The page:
Preface

AT FIRST the 2008 financial crisis looked as if it was going to constitute a major threat to the long-term viability of neoliberalism. Viewed from our current vantage point, however, it seems merely to have given the champions of the free market an opportunity to carry out with increased intensity their program of privatization, deregulation, and reduction to a minimum of the state, public sector, and welfare system. The result is a condition we can describe as postwelfare capitalism.

The Uberfication of the University explores what neoliberalism’s further weakening of the social is likely to mean for the future organization of labor by examining data and information companies associated with the emergence of the corporate sharing economy. It focuses on the sharing economy because it is here that the implications for workers of such a shift to a postwelfare capitalist society are most apparent today. This is a society in which we are encouraged to become not just what Michel Foucault calls entrepreneurs of the self but micro-entrepreneurs of the self, acting as if we are our own, precarious, freelance microenterprises in a context in which we are being steadily deprived of employment rights, public services, and welfare support. Witness the description one futurologist gives of how the nature of work will change, given that 30 to 80 percent of all jobs are predicted to disappear in the next twenty years as a result of developments in automation and advanced robotics: “You might be driving Uber part of the day, renting out your spare bedroom on Airbnb a little bit, renting out space in your closet as storage for Amazon or housing the drone that does delivery for Amazon.”[1]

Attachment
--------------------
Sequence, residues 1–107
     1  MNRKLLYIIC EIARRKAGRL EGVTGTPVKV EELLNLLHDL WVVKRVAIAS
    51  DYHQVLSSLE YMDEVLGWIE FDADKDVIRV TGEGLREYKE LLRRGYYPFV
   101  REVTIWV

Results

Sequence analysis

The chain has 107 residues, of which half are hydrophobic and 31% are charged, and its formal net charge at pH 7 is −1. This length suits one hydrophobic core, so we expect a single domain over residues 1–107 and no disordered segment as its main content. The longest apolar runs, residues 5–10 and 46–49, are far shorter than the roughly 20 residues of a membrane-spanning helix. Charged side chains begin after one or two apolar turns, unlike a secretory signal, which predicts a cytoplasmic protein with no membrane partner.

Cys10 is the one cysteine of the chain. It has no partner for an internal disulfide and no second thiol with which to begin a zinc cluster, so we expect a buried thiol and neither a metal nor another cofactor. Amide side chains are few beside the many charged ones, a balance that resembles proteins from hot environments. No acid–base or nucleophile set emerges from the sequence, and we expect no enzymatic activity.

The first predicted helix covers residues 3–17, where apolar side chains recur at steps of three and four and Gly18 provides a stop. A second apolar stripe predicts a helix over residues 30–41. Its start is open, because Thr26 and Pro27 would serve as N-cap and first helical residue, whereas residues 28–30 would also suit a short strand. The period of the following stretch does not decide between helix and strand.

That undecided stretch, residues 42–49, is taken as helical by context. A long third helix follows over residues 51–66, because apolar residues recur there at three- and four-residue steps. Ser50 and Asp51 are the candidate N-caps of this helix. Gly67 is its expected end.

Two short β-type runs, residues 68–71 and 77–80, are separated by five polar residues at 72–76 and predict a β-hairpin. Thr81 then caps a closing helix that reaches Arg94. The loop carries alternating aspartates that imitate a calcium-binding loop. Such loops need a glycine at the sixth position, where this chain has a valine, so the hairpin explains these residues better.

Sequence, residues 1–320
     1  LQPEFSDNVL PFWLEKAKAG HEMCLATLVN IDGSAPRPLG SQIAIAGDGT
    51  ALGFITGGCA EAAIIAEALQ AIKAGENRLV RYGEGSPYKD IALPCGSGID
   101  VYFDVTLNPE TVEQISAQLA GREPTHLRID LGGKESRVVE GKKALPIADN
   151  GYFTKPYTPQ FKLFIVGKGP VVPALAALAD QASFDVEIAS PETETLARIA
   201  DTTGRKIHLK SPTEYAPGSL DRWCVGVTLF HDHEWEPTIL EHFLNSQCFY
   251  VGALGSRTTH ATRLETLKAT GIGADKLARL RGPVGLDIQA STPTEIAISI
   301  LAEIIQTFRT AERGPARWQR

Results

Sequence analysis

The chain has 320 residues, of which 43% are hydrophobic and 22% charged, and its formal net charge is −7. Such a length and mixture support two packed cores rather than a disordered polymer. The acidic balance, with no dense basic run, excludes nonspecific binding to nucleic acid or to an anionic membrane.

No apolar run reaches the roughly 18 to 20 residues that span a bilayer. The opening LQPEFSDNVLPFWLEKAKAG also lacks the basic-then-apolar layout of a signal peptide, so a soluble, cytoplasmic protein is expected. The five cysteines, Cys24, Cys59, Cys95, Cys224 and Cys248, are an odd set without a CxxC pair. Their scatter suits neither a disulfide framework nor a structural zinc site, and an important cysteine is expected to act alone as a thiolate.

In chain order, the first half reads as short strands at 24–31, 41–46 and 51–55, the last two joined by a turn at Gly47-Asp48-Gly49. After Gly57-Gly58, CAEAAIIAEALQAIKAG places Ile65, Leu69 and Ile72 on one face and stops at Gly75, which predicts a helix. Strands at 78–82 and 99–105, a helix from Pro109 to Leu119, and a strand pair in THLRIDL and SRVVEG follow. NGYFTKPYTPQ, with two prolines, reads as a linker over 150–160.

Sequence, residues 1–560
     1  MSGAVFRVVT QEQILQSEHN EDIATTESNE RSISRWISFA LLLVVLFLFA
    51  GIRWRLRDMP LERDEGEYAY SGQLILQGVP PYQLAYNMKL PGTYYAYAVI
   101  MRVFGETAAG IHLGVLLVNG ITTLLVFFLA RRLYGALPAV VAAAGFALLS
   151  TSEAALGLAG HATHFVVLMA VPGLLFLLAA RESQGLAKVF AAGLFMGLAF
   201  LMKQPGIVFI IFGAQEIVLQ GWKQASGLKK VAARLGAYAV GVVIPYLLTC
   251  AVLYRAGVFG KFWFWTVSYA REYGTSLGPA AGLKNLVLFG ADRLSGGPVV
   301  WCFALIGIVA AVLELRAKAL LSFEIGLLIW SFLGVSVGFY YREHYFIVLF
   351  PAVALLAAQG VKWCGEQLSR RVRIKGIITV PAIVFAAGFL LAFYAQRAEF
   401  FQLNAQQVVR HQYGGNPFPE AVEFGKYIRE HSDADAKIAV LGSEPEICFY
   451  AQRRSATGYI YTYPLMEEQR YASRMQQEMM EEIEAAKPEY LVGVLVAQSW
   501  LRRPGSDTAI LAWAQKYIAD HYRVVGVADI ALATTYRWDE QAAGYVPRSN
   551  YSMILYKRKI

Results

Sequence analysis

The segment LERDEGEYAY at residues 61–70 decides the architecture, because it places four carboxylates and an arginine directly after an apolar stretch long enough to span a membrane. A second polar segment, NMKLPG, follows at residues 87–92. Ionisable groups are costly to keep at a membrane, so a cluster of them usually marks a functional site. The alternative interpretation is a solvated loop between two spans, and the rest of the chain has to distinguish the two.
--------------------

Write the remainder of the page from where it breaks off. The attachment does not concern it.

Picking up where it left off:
The book analyzes the implications of this transformation to a postwelfare capitalist society for the organization of labor largely through the prism of those who work and study in the university. It does so partly because academics, researchers, and students are now being encouraged to become microentrepreneurs of themselves and of their own lives—so even so-called good jobs are being affected—but mainly because the university provides one of the few spaces in postindustrial society where the forces of contemporary neoliberalism’s anti–public sector regime are still being overtly opposed, to a certain extent at least.[2] It follows that such changes in the way labor is organized will be all the more powerfully and visibly marked in the case of the publicly funded and legally nonprofit university system. Indeed if, as research reveals, being an academic is one of the most desired jobs in Britain today, it may be precisely because this occupation is seen as offering a way of living, of being alive, that is not just about consuming and working and very little else.[3]